And I can't really speak for the rep in this book, but the diversity was definitely great to see! I wish the story had spent more time with the tribes in the desert because the beginning was awesome.
So this was not a book I personally enjoyed, yet I can't bring myself to give it less than 3 stars because the writing is good, the worldbuilding is strong, there's a creative system of elemental magic, there's a solid plot that's easy to follow, and there are some truly wonderful characters. The story just turned out to be a lot different than I was expecting... it's not the magical adventure that the cover sounded like. It's more like a lot of suffering for both the reader and characters. But I think others who are looking for more intense stories would still enjoy this!
Thank you to the publisher for sending me an ARC.

Mon, 12 Jun 2017

Well, that was a hell of a ride!
I did not expect to love this as much as I did. Not that this book looked bad, but I absolutely loved Gaughen's book Scarlet, and have been hankering to read Lady Thief and Lionheart, so I wasn't sure I wanted to try something new by her just yet. And yes, I admit I was a little like, yes, yes, elemental magic, sure, sure. But as I noticed in another review: when was the last time EARTH magic took center stage? Water and fire get all the love! Not only that, but I am a total sucker for desert dwelling nomad fantasy. I mean, I've only read The Blue Sword around 50 times, it's not like I was obsessed with it or anything, but still, I do love a good desert magic story. This reminded me very much of Blue Sword or, more recently, Vessel by Sarah Beth Durst. And since this book doesn't come out until the end of January, 2018, you could all read The Blue Sword and Vessel in that time! Eh, eh? Not to mention her Scarlet books!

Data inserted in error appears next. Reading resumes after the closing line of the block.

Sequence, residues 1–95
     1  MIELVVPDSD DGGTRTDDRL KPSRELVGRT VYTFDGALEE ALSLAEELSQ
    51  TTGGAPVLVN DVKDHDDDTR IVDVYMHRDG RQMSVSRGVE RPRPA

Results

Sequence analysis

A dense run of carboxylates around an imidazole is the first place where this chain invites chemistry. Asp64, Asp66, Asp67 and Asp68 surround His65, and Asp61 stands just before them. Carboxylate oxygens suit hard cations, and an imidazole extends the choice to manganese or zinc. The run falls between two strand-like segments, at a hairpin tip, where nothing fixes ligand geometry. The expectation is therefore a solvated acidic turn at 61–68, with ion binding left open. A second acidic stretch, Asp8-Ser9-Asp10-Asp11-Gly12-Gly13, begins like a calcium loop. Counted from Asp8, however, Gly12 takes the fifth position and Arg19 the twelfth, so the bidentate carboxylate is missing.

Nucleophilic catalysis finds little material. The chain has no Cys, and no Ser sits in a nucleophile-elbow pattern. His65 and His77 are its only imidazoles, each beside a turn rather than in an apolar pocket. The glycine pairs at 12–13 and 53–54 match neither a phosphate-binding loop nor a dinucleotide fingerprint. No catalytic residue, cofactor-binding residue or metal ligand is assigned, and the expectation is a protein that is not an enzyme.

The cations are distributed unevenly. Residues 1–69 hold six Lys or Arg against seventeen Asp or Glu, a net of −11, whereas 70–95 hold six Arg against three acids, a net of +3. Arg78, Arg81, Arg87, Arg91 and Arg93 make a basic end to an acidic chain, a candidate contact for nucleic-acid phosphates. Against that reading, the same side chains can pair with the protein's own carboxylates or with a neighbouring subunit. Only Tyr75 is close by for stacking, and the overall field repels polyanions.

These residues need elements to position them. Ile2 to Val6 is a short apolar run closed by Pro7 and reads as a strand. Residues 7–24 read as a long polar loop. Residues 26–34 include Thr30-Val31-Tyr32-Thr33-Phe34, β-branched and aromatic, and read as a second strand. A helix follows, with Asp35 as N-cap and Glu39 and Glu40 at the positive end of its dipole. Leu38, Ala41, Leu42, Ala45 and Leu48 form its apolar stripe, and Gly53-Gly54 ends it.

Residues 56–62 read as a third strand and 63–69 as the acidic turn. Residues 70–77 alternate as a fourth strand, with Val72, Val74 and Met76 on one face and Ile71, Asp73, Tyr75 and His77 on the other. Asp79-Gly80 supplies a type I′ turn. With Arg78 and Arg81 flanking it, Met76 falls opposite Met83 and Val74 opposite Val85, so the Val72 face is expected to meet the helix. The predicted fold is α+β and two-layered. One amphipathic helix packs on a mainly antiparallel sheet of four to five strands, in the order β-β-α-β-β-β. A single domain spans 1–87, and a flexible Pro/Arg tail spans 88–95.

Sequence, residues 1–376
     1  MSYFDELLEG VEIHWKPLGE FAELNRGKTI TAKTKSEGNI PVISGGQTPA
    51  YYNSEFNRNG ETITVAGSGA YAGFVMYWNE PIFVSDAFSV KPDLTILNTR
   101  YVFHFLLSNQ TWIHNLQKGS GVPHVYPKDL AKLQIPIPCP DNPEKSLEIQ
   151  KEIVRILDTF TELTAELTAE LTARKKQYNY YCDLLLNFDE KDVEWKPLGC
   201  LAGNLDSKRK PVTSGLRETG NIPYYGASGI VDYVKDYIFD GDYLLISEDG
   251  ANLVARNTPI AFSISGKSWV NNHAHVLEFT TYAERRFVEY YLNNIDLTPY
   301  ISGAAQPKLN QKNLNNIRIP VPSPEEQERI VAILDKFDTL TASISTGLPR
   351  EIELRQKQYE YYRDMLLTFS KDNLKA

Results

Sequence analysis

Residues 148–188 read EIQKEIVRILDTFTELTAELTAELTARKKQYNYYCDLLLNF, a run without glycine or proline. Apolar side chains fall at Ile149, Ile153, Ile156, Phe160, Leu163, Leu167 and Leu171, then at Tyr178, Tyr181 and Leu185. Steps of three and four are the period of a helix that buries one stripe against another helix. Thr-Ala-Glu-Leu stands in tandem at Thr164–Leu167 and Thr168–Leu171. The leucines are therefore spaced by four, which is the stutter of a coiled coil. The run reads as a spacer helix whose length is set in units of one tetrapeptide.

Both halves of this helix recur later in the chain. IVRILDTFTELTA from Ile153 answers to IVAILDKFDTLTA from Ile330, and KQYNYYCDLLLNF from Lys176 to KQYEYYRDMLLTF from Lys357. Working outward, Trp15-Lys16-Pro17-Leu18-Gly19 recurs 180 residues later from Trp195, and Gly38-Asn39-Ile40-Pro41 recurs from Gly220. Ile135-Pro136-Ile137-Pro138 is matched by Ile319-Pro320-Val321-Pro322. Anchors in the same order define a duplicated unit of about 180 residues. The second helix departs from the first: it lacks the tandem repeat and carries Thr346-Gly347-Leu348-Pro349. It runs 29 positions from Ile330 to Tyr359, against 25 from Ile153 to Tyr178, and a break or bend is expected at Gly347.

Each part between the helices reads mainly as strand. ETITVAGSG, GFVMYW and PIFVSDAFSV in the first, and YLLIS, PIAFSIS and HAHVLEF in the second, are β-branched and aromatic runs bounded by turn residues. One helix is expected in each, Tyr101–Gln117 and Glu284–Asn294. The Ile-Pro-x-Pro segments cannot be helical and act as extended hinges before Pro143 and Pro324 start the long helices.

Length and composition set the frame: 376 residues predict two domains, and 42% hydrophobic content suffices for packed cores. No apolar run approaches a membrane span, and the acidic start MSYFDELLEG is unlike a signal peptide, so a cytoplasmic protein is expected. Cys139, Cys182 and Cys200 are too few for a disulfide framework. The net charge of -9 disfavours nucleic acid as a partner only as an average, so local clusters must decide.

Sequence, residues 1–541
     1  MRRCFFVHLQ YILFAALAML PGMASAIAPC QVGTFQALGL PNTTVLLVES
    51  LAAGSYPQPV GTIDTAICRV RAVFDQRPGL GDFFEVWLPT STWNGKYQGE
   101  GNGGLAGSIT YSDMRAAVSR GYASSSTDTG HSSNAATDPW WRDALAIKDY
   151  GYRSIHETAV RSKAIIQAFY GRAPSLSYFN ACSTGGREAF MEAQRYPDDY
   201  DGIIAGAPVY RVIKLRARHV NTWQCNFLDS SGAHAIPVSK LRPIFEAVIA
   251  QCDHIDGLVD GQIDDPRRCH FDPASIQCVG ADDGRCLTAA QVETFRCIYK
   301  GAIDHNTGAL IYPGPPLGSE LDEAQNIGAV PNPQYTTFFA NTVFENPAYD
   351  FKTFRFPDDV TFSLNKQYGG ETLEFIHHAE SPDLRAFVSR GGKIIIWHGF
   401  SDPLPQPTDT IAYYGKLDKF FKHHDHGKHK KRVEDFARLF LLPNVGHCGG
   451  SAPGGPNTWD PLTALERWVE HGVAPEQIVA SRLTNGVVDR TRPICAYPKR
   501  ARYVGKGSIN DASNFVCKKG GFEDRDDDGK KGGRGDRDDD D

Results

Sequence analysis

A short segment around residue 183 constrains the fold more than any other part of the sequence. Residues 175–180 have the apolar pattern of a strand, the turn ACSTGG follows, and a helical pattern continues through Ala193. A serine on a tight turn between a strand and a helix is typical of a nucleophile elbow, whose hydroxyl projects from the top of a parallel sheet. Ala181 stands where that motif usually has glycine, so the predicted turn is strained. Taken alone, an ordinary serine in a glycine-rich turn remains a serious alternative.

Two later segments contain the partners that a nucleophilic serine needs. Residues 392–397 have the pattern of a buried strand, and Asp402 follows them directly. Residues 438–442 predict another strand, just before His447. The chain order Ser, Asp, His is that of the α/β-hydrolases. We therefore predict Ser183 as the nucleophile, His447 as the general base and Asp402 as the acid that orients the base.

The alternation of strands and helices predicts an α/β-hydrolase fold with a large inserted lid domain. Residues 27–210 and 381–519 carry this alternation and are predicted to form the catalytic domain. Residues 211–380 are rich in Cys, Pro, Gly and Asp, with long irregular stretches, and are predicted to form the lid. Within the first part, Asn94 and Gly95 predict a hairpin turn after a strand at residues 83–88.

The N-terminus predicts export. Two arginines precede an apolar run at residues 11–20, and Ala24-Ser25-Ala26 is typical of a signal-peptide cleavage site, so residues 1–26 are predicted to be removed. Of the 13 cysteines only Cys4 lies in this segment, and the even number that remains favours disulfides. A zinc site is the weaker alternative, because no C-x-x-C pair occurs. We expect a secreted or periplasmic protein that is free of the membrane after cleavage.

But why, why did I love this book? Because of all the sand? Nope. Because of the characters. The characters were amazing. I loved them all, except for that one, the villain, who was TERRIFYING. I mean, seriously, like I started sweating and freaking out every time they entered a scene. The villain in this book is so incredibly, horribly, realistically dangerous I could not get over it. Like, I still feel traumatized hours later. And I loved the others so much that I was genuinely afraid for them, and rightly so. The stakes are high. No punches are pulled. This is some hardcore stuff. The writing is beautiful, but she does not shy away from real tragedy and real brutality.